- Michelle Obama to Latinos: ‘We cannot afford to wait on Congress’ for immigration
- White House urges GOP to act ‘urgently’ on $3.7 billion request for illegal immigrants
- Politicians, criminals using ‘right-to-be-forgotten’ law EU courts forced upon Google
- Combat fatigue: elite special forces troops are ‘fraying,’ Gen. Joseph Votel warns
- German foreign minister to meet Kerry to discuss spying claims
- Florida police spokesman tells citizens: ‘Get yourself some firearms’
- California church handing out ‘travel cash’ to illegals heading east
- PHILLIPS: Liberal lawyers ensuring illegal aliens are never deported
- Chris Christie leading N.H. GOP presidential field; Mitt Romney lingers large
- NYC creates ID card so 500K illegal immigrants can get services
Asia flooding plunges millions into misery
Question of the Day
BEIJING (AP) — Floods and landslides across Asia plunged millions into misery Sunday as rubble-strewn waters killed at least 127 in northwestern China and 4 million Pakistanis faced food shortages amid their country’s worst-ever flooding.
In Indian-controlled Kashmir, rescuers raced to find 500 people still missing in flash floods that already have killed 132, while North Korea’s state media said high waters had destroyed thousands of homes and damaged crops.
Terrified residents fled to high ground or upper stories of apartment buildings in China’s Gansu province after a debris-blocked river overflowed during the night, smashing buildings and overturning cars. An estimated 2,000 more people were missing in the latest deluge in a summer that has seen China’s worst seasonal flooding in a decade.
Worst hit was the county seat of Zhouqu in the province’s Gannan Tibetan Autonomous Prefecture, where houses buckled and streets were smeared with a yard of mud and water.
The landslides struck after heavy rains lashed China late Saturday, causing the Bailong River to burst its banks, the official Xinhua News Agency quoted the head of Zhouqu county, Diemujiangteng, as saying.
The devastation was worsened by flotsam that blocked the river upstream, creating a two-mile-long lake that overflowed and sent waves of mud, rocks and water crashing down on the town, ripping houses from their foundations and tearing six-story apartment buildings in half.
Explosives experts were flying to the scene by helicopter to demolish the blockage and safely release potential flood waters ahead of more rain forecast through Wednesday.
China Central Television said 45,000 people had been evacuated, but the region’s remote, mountainous location was hampering the emergency response. Narrow roads prevented the movement of heavy equipment, forcing rescuers to rely on shovels, picks and buckets.
Around China, the country’s worst flooding in a decade has killed more than 1,100 people this year, with more than 600 still missing. The floods have caused tens of billions of dollars in damage across 28 provinces and regions.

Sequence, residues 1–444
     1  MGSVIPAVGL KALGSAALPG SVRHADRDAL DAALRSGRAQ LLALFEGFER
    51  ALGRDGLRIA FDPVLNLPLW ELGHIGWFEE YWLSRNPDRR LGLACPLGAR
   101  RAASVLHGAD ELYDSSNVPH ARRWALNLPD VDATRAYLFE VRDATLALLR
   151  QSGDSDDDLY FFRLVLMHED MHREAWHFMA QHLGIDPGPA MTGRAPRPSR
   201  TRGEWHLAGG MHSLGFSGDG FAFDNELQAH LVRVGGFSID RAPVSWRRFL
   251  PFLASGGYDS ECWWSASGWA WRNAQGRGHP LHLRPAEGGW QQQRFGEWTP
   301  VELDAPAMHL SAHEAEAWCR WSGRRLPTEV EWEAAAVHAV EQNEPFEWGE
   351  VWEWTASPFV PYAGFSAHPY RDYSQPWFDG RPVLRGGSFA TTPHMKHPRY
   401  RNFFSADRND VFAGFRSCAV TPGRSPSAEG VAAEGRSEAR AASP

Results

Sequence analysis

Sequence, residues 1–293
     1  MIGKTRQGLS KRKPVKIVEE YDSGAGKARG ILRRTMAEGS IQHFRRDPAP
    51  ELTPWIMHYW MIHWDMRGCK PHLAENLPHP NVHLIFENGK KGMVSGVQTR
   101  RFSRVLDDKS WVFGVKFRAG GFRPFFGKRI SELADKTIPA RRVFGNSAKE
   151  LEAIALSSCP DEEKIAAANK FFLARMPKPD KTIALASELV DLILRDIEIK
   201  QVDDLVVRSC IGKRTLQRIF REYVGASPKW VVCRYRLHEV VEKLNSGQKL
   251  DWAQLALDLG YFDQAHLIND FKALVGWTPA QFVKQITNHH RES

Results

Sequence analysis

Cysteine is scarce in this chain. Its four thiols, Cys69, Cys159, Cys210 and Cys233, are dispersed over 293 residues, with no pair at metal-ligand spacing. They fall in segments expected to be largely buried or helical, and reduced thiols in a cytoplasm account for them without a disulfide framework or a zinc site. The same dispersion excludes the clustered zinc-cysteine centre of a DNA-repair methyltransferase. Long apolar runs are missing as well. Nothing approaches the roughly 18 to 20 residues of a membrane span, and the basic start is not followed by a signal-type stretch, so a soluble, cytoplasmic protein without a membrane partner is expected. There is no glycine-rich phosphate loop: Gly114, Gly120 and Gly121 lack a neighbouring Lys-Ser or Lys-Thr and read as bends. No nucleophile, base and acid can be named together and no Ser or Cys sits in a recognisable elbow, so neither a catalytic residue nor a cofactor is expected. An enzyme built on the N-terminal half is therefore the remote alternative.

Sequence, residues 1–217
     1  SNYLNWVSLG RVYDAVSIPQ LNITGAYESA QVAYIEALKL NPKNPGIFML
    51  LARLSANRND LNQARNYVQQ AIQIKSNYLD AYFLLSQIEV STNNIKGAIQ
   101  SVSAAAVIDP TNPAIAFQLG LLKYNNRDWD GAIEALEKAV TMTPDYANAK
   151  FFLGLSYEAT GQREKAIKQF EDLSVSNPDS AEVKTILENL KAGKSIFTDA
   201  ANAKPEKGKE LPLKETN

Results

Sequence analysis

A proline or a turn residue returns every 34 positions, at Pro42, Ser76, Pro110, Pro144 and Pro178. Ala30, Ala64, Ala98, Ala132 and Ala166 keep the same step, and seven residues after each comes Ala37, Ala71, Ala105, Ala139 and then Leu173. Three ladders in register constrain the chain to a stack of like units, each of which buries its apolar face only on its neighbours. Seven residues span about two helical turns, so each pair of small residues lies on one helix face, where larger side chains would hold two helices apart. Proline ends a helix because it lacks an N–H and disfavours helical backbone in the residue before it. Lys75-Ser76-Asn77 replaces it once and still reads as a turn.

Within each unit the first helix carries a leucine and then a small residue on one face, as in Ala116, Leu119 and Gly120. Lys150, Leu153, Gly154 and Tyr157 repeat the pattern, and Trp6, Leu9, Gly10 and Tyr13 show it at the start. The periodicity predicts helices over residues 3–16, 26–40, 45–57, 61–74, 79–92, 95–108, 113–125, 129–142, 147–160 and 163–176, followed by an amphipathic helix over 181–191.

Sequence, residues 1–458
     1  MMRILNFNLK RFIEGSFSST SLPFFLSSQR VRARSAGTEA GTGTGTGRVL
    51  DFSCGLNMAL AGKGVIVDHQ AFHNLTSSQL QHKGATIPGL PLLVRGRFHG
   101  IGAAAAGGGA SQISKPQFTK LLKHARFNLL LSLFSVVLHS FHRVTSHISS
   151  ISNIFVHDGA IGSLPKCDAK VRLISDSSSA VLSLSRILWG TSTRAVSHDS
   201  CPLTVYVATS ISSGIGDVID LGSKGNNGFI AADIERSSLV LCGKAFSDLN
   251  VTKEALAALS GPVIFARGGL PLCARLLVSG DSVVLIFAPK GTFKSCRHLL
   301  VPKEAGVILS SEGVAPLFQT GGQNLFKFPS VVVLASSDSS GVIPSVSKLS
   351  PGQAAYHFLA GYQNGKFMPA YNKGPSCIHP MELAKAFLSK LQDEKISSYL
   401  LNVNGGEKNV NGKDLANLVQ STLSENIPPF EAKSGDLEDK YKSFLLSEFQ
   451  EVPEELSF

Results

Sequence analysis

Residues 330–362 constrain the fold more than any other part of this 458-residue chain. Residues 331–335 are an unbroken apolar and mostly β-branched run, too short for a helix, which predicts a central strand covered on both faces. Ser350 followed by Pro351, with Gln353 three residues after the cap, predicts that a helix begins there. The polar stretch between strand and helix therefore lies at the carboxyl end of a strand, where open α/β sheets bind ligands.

In Pakistan, 1,500 people have been killed and millions more left begging for help following the worst floods in the country’s history. Prices of fruit and vegetable skyrocketed Sunday, with more than 1 million acres of crops destroyed and at least 4 million people in need of food assistance in the coming months.
Pakistan has worked with international partners to rescue more than 100,000 people and provide food and shelter to thousands more. But the government has struggled to cope with the scale of a disaster that it estimates has affected 13 million people and could get worse as heavy rains lashed Pakistan again on Sunday.
At least 1.4 million acres of crops were destroyed in the central province of Punjab, the breadbasket of Pakistan, the United Nations reported. Many more crops were devastated in the northwest, where destruction from the floods has been most severe and many residents are still trying to recover from intense battles between the Taliban and the army last year.
Many flood victims have complained they have not received aid quickly enough or at all. The number of people needing assistance could increase as heavy rains continued to hit many areas of the country. The swollen Indus River overflowed near the city of Sukkur in southern Sindh province on Sunday, submerging the nearby village of Mor Khan Jatoi with chest-high water and destroying many of its 1,500 mud homes.
In neighboring India, rescuers dug through crushed homes and piles of mud searching for 500 people still missing after flash floods sent massive mudslides down remote desert mountainsides in Indian-administered Kashmir, officials said. The death toll rose to 132 with about 500 others injured.
The dead included at least five foreign tourists whose nationalities were not immediately known.
TWT Video Picks
By Tammy Bruce
The EPA takes its cue from rogue president on wage-garnishment scheme
- Va. Democrat reportedly seeks nude shots of Kendall Jones
- Armed militia sets up Texas command center to 'fight for national sovereignty'
- Obama seeks brisk passage of border children funding bill
- Bloomberg: Pro-gun towns must lack roads
- PRUDEN: 'Dirty Harry' Reids increasing eccentricity
- LeBron James returning to Cleveland Cavaliers
- Bush fixed bowling lanes that Obama wants to renovate
- BRUCE: The feds plot to steal your paycheck
- Breaking special forces: Obama nominee Gen. Joseph Votel warns that elite troops may be 'fraying'
- IRS employee suspended for pro-Obama activities
Obama's biggest White House 'fails'
Celebrities turned politicians
Athletes turned actors
20 gadgets that changed the world
Fighting in Iraq
World Cup's sexiest WAGs